Casting votes, Nov. 3, 2020. (Photo: Ray Di Pietro)
The Tennessee Registry of Election Finance is set to audit former Senate District 27 candidate Gary Humble to determine whether his campaign illegally coordinated with his nonprofit organization Tennessee Stands.
Registry board member Tom Lawless, a Nashville attorney, called for the investigation Wednesday based on his general knowledge of the situation.
“There’s some smoke there, which usually means there’s something underneath that causes it to rise. And I just want you all to dig into it,” Lawless said.
Humble, a Williamson County resident and political activist, narrowly lost to Senate Majority Leader Jack Johnson of Franklin in the Aug. 4
Lawless also raised questions about Humble’s group, Tennessee Stands, which has a 501(c)(4) federal tax status, and whether it is operating as a political action committee without registering with the state. Humble is executive director of the organization, which is intertwined with his political activity.
“If it doesn’t meet the pure definition of a PAC, if it is supporting or assisting through in-kind contributions or other contributions to the candidate, that’s a problem,” Lawless said.
There’s some smoke there, which usually means there’s something underneath that causes it to rise. And I just want you all to dig into it. – Tom Lawless, Nashville attorney and member of the Tennessee Registry of Election Finance
There’s some smoke there, which usually means there’s something underneath that causes it to rise. And I just want you all to dig into it.
– Tom Lawless, Nashville attorney and member of the Tennessee Registry of Election Finance
But regardless of whether it is found to be a political action committee, because it operates with nonprofit status, Tennessee Stands would be required to register and file reports with the Registry of Election Finance under a new state law tracking activity of those organizations within two months of an election. Humbles also has another group with nonprofit status, which would be required to register if it engages in certain activity, according to the Registry.
Humble responded Wednesday by saying, “They can audit away.”
He said that Tennessee Stands spent only $500 on a Facebook ad, and that occurred before July 1.
Humble also asked rhetorically whether the Registry board plans to audit Johnson’s campaign to see if illegal coordination happened with campaign coordinator Ward Baker’s PAC and the Tennessee Conservatives PAC, which formed in May and sent negative mailers about Humble calling him a “grifter” and “Democrat in disguise.”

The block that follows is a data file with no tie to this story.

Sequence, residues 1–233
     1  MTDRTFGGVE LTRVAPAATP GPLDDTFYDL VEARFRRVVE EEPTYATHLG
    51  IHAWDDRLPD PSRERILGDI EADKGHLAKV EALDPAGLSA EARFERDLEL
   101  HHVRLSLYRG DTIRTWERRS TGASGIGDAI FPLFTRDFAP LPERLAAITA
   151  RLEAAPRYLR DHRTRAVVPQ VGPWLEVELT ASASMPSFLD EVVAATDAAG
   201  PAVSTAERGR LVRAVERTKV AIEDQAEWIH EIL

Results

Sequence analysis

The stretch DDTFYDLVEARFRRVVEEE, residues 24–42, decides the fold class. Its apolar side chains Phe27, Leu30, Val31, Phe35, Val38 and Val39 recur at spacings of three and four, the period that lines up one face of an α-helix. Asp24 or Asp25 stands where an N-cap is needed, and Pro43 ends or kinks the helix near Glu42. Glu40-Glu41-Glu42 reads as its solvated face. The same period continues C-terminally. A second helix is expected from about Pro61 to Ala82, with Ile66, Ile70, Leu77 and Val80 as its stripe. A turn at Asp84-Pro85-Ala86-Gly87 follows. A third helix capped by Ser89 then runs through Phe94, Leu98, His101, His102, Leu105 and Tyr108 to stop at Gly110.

It had the same treasurer, Les Williamson, as PACs for Sens. Marsha Blackburn and Bill Hagerty and a PAC attacking Humble in Williamson County, according to Humble.
The Tennessee Star also reported in July that Humble had no conflict of interest with Tennessee Stands on his mailer. He said a Freedom Matters podcast incorporated into the mailer is simply an invitation to see where he stands on issues, even though the podcast site shows it is presented by Tennessee Stands.
The Registry board declined to take up a complaint against Humble filed by Williamson County voter Pete Pancione for making an illegal campaign expenditure, instead sending it to Williamson County District Attorney Kim Helper for investigation. Pancione made the complaint after receiving a Humble election mailer that didn’t state who paid for the material, which is required by law.
Registry board member Hank Fincher noted Wednesday it is “campaign finance 101” to provide the financial source of election materials.
Humble told the Tennessee Star the “paid for” disclaimer was left off the mailer unintentionally and that he reported it to the DA’s Office.
Yet another complaint has been filed against Humble alleging he is acting as a lobbyist without filing with the state. Humble protested against legislation requiring groups with 501c status to file expenditure reports if their campaign spending hits $5,000 within 60 days of an election.
The legislation is designed to check the flow of so-called “dark money” into state campaigns. Humble and groups that opposed the legislation said it would only insert government more into the legislative process, putting a damper on their First Amendment rights.
“They call it a transparency bill. I call it the incumbent protection act,” Humble said.
The Registry board also has authority to subpoena records, including banking documents, but it wasn’t prepared to take that step Wednesday, though members discussed it.
Ward Baker declined to comment in response to Humble’s claims.
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